Hans Rosling, in his book Factfulness said that countries in Africa have developed beyond most people’s understanding, at a strong pace. African countries are showing strong ownership of the concept of eradication and they are putting resources behind it. We have seen enormous progress in pushing back malaria, and a number of countries are on the cusp of elimination of malaria [as a public health risk]. But in other countries, we need to do more, including getting more real time data on what is working and what is not.  Groups such as USAID Presidents Malaria Initiative, the Global Fund and the Gates Foundation are really putting processes in in place to get better real time access to data that is needed. And part of it is up to us, to bring a new generation of medicines forward for prevention and treatment. We have made enormous progress; we have entirely new ways of attacking the parasite. Now it’s a matter of getting innovations through development and into the hands of clinics and patients.

HP-Watch: Some critics have accused the health sector of abandoning vector control, including environmentally-friendly measures such as better management of water resources and housing (e.g. screening) as modes of “treatment”, which can also reduce reliance on chemicals, and therefor vector resistance to chemical tools.

Reddy: I think vector control is being addressed from a different angle, the developmental angle.  We do see significant developmental progress and there will be a positive collateral effect on malaria. The Zero Malaria Starts with Me [a continent-wide campaign to eliminate malaria], begun by Senegal, is about communities; it is ensuring that trash is cleaned up, etc. I think the zero malaria starts with me is a good starting point.  But I agree that if we want to address malaria and really beat it, it is a belt and braces approach, we shouldn’t be throwing out any interventions without a thorough assessment.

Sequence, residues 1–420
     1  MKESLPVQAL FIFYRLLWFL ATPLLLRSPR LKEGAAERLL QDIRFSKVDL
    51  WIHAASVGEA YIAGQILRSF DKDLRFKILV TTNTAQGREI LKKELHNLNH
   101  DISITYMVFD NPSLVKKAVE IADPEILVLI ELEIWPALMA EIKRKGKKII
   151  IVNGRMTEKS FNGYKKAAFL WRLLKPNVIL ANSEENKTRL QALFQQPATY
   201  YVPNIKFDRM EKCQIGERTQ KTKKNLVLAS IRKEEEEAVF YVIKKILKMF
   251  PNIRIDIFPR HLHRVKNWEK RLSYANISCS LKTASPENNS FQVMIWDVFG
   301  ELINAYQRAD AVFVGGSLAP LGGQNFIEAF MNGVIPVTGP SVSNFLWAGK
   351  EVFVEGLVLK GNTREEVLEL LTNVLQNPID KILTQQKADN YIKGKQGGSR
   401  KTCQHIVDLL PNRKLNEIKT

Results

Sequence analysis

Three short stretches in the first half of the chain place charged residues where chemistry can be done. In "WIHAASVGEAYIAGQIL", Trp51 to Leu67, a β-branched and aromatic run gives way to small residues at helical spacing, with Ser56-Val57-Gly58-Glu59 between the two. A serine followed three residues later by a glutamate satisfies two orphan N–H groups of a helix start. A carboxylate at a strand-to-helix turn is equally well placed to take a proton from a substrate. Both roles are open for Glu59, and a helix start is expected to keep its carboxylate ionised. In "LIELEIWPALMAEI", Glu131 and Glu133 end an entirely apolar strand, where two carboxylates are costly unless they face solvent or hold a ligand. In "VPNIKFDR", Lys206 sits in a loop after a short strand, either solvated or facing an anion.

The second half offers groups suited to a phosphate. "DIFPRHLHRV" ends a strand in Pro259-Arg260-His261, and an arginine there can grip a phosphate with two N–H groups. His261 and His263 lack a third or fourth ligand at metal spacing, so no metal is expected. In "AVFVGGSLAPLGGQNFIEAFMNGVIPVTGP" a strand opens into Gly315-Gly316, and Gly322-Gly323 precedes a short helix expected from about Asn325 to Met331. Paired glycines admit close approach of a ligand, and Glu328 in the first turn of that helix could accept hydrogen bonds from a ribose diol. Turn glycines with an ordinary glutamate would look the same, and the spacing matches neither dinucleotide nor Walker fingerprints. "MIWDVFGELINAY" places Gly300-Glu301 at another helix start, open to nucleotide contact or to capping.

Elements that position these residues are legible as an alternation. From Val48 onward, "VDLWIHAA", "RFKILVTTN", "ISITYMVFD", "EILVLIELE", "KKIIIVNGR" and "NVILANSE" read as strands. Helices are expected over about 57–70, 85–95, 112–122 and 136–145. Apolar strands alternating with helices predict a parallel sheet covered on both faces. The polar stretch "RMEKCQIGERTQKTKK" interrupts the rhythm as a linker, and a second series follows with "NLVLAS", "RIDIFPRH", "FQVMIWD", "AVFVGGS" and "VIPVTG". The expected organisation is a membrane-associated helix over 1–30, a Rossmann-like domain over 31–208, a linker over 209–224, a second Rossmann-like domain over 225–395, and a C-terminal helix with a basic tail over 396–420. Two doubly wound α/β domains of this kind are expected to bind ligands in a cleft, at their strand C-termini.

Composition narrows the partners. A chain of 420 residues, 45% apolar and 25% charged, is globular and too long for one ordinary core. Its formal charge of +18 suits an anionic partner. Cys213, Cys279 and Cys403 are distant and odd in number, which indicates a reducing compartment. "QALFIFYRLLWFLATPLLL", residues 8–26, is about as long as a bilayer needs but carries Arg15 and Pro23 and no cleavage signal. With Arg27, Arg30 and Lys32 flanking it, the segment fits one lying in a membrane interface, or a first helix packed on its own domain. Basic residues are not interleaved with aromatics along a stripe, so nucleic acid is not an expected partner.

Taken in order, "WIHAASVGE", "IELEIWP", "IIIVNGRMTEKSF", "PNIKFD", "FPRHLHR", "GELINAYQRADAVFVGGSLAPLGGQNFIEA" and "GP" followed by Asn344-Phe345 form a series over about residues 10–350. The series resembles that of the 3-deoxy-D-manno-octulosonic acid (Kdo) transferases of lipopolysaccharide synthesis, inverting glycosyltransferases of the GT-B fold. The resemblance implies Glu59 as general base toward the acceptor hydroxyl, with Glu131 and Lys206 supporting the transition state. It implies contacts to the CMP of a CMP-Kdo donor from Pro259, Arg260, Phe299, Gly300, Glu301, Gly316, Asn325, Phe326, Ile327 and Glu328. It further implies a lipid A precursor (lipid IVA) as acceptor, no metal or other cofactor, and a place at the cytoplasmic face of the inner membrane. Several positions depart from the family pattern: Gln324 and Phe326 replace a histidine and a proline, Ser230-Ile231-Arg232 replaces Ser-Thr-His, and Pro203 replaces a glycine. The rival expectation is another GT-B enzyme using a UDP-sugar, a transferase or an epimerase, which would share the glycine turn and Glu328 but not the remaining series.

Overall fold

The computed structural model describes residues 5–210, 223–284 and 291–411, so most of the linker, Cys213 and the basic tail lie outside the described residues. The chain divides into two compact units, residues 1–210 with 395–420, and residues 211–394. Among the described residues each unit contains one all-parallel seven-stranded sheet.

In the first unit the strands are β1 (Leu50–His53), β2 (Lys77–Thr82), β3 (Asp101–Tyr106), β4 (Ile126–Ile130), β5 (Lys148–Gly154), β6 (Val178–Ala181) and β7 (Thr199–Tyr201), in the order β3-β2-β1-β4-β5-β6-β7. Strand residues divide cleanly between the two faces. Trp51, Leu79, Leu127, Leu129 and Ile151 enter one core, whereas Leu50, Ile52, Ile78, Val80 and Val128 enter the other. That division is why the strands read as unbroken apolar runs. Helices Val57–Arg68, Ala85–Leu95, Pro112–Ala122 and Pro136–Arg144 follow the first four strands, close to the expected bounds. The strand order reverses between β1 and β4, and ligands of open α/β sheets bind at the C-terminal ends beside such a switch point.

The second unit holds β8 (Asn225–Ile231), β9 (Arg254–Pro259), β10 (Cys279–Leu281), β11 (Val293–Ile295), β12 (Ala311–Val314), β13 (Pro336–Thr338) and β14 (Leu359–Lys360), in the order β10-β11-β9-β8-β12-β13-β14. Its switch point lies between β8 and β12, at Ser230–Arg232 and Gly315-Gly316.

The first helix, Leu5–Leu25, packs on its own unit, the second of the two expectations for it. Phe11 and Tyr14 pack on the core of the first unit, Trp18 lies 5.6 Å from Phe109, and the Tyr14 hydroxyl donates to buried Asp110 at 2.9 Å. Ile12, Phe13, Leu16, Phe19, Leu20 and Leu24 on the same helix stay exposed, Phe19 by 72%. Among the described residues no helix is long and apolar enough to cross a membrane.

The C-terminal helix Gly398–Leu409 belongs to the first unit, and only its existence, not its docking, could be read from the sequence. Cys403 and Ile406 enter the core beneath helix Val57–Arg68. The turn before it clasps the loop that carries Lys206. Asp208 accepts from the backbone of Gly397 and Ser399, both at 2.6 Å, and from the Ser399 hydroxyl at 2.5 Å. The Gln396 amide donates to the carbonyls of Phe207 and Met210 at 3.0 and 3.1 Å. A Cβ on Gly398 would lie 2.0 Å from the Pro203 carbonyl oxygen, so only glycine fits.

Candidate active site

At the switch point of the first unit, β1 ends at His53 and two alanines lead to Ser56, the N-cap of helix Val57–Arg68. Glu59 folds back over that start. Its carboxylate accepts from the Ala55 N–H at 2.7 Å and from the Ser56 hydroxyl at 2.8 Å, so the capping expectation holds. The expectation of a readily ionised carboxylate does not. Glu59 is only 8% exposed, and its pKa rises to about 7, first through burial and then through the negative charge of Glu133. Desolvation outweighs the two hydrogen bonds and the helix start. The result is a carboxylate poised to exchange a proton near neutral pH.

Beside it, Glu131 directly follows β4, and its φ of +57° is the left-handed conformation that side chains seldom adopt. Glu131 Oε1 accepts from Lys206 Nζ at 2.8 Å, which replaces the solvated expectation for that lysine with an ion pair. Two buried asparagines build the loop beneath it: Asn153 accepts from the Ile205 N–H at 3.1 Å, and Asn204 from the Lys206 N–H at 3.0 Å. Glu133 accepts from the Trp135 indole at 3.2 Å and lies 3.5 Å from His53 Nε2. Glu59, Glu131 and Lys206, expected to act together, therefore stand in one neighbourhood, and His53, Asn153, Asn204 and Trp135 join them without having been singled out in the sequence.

HP-Watch: What about R&D costs, a subject in the news recently.  Do you have any assessment of the costs to bring a new or adapted drug to market?

MMV and partners have implemented a series of platforms to gather data to feed into a tool to allow unbiased prioritization of optimal drug combinations for further research.

Reddy: The overall costs for development of a malaria drug is about $US 100 million.  The fully loaded costs are probably in the region of $US 200 million. If we pay a dollar, the pharma pays a dollar plus in-kind contribution such as their facilities.  This is not including drug attrition. But since we have a strong system of pre-clinical assays, we can kill drugs pretty early.

Today, we have a strong network of SCID (severe combined immune deficiency) mice assays that allow you to test drug or drug combinations very quickly. [at a later stage] We can also run tests on healthy human volunteers infected with very small amounts of malaria parasites before it becomes clinical, you can treat them [with the experimental drug], and then you can treat them with the standard drugs, so that in a very, very controlled setting you can explore your drugs, are they going to work, and the likely dose you can use with patients. This keeps costs down and speeds things up.

HP-Watch: What challenges lie ahead, and do you see MMV continuing to address malaria only, or could there be other targets for your work?